As the summer holiday season draws to a close, at Cheshire Record Office we've been looking through our travel-related archives and thinking about travel plans from yesteryear.
Holiday planning in 2018 often starts with an internet search for ideas of where to visit, but of course this was not an option for our ancestors. An 1878 catalogue of travel literature from the Chester Free Public Library may have provided some inspiration. The Voyages, Travels and Adventures section covered all the continents of the world, but also included trips not too far from Chester such as Dr Samuel Johnson's Diary of a Journey into North Wales, in the year 1744, or Rev. Richard Warner's Tour through the Northern Counties of England and the Borders of Scotland. For something further afield, readers could have looked at Lady Grosvenor's Yacht Voyage to the Mediterranean and those thinking of travelling east may have been interested in Narrative of a Three Month's Voyage in India. The author was 'The wife of an Officer in the 16th Foot' - her actual name was sadly not recorded!
Once the destination has been decided on, it's always worth checking your travel documents. Anyone who has endured the nail-biting wait for a passport renewal in time for a last-minute booking will know this well! We have some beautiful examples of passports granted to travellers in centuries past, such as 'English Gentlemen' Samuel Hill and Daniel Lombard whowished to travel to Savoy in France in 1711, or one for another 'Gentilhomme Anglais', a Mr Hallowes, whose passport was signed at Downing Street in 1824 decorated with a large detailed drawing of a crest.
France is an ever-popular holiday destination for British people, and with Eurostar, Eurotunnel and hour-long ferry crossings we are spoiled for choice on how to get there. Compare this with the slower experience of a traveller in 1719, whose journal begins:
After a four Dayes waiting at Dover for a wind, we at last found a favourable one that brought us in 5 Hours thence to Calais.
Cheshire Record Office holds countless other documents about travellers' journeys. The journals and letters of Francis Dicken Brocklehurst of Macclesfield include a lyrical account of his voyage across the Pacific Ocean, from California to Australia, Ceylon, China, Japan and India in 1860. 11th February 1860 seemed to start well:
The wind continues good. We are on the same latitude with the Sandwich Islands about one thousand miles east of the same.
But later in the day conditions changed:
7 o'clock p.m. Strong wind blowing, black angry clouds drifting swiftly across the heavens, a few stars glimmering fitfully here and there, the ship heeling uncomfortably over on the starboard side as she ploughs her way steadily through the heaving and surging billows which roar with a threatening and somewhat onimous sound that almost drowns the thin but plaintive tones of a concertina, which the first mate is playing forward on deck somewhere.
When Mr Brocklehurst arrived at Melbourne the following month however, anyone who has ever been disappointed with their hotel or been tormented by tropical insects will understand his feelings. He notes on 28th March that,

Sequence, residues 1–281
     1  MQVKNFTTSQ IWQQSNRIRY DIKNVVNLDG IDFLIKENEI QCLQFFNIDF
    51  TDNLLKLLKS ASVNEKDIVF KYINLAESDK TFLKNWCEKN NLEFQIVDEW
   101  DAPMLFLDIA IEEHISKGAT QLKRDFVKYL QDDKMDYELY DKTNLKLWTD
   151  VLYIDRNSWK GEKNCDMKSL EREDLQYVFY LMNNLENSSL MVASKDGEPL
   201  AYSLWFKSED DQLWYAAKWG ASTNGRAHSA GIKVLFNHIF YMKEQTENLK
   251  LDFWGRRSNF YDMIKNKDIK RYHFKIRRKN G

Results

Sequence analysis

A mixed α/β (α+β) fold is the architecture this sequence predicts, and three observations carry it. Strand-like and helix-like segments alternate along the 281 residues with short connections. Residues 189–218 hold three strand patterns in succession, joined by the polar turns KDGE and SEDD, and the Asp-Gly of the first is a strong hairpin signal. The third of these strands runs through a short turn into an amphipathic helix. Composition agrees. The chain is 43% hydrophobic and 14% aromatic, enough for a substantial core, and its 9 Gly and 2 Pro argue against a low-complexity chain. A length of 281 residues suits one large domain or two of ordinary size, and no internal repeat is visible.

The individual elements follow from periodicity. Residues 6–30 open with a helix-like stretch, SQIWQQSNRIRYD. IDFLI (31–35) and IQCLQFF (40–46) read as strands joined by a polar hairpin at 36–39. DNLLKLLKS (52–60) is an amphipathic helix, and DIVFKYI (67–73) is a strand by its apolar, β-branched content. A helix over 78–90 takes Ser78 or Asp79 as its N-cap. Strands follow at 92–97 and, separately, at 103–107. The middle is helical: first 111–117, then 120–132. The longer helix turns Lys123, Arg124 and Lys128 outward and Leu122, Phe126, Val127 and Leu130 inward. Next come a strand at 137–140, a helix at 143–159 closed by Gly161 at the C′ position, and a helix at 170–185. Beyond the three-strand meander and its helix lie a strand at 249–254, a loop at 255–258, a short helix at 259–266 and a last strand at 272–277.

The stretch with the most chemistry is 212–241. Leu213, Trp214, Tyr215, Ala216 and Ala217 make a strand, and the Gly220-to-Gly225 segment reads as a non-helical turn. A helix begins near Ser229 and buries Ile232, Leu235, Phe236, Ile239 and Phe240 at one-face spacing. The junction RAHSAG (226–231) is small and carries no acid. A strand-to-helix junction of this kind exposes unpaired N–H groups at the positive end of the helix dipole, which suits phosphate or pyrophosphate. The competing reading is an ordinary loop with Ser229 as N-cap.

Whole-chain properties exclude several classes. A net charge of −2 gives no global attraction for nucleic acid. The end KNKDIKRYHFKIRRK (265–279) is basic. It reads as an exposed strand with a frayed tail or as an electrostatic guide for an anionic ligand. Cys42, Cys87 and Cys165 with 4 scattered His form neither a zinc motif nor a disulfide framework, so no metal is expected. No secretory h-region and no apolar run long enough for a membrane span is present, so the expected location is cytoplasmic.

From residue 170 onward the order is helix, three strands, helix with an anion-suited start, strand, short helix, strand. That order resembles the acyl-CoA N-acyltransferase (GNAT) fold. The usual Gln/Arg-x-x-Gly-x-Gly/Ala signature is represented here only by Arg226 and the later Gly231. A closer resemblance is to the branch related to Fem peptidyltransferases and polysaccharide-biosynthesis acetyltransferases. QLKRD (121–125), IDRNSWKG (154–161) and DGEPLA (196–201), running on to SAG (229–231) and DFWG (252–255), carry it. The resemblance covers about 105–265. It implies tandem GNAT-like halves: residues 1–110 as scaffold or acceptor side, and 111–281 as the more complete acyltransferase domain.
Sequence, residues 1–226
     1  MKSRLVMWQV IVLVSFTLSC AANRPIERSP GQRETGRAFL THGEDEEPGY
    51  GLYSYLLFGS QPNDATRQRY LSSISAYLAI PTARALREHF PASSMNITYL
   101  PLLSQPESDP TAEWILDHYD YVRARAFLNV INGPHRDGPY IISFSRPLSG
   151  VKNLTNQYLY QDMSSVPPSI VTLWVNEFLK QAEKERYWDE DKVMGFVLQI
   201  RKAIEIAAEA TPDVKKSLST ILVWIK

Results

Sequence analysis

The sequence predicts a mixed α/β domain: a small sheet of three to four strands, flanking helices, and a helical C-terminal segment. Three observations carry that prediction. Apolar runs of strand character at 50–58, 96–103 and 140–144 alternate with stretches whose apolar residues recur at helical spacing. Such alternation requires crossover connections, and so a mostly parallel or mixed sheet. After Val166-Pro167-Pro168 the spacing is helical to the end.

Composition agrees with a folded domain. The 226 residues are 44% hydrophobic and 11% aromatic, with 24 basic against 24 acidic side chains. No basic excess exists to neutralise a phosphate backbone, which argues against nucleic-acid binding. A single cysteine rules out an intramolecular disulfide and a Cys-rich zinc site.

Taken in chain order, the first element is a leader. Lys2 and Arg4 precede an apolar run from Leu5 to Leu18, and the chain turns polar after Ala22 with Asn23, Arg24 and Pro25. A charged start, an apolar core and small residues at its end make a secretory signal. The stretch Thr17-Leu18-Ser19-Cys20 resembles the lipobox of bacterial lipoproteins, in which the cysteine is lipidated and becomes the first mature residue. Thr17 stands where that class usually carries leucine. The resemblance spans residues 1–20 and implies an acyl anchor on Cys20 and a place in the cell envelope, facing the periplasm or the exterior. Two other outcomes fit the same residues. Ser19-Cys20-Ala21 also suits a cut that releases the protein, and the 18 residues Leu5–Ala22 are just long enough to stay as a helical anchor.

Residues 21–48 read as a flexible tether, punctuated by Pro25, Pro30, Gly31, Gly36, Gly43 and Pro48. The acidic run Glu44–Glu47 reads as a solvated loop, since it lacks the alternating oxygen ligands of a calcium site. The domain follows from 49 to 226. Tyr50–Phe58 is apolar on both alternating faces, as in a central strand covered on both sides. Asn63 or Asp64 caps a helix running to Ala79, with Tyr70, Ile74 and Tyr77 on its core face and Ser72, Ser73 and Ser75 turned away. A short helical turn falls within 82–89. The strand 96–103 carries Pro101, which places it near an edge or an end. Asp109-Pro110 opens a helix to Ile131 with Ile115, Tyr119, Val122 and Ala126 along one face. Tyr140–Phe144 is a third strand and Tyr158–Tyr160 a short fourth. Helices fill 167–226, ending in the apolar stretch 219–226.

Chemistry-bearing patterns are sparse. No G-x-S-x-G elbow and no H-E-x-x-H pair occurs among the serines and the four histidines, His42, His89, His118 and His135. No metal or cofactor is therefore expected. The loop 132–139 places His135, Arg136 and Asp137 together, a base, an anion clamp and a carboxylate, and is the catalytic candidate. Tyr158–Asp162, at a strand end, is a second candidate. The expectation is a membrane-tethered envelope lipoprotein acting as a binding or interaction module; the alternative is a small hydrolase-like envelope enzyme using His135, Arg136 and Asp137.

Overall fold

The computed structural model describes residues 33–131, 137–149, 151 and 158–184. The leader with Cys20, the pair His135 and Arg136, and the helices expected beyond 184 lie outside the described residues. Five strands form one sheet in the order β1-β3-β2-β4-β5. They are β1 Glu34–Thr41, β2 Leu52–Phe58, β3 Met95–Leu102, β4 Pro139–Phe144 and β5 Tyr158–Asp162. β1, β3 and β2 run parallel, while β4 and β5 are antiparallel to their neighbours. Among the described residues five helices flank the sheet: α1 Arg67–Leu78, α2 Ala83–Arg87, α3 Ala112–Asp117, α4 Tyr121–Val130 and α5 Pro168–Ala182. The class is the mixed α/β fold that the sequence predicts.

the hotels are scarecely third rate and infested with mosquitos,
and goes on to complain the day after that,
the beds in all the Hotels in Town are infested with bugs. Had to sleep on the floor in my travelling blankets last night in consequence.
By 2nd April he finally admits defeat:
the Bugs and Mosquitos have fairly driven me from the Criterion Hotel and I have now located myself at the Prince of Wales.
If we're holidaying abroad, currency exchange rates can make it tricky to keep track of spending money. Lord Egerton of Tatton was careful to keep an eye on what he spent and made notes in the back of his travel journal for hotel, rail and luggage expenses, but also the cost of tea, how much he tipped the porter and more than one purchase of Eau de Cologne! We have also found an early reference to currency exchange rates in a diary printed in 1871. An Average Value in English Currency was given for 'foreign money' including the French Franc and Sou and Austrian Florin and Ducat, as well as the interesting-sounding Spanish Hard Dollar and Doubloon and Turkish Gold Sequin.
At the end of our holidays we all like to look back on our holiday snaps but before we all had cameras on our mobile phones, travellers and holidaymakers had to be a little more creative. The notebooks of Lord Egerton feature sketches as varied as cathedral stained glass windows, a statue of Buddha and local characters such as one captioned the Landlord of the Trierscher Hof, waiting at Table d'Hote.
Drawings and even paintings feature in the Brocklehurst family papers. Examples from T.U. Brocklehurst's travels include a painting of Mont Blanc and a picturesque view of Mexico City.
There is also a detailed painting of something he saw in a Mexican museum in 1881, captioned:
Teoyamaqui, Aztec Goddess of Death, found at Puebla, 3 feet 10 inches high. It is a stone idol and has been painted. The holes around the head were originally filled with hair. Her skirt is made of plaited snakes and the hands are disproportionately large to indicate her power.
As far as we know, it wasn't brought home as a souvenir! All of these items and more are available to view at Cheshire Record Office in Chester.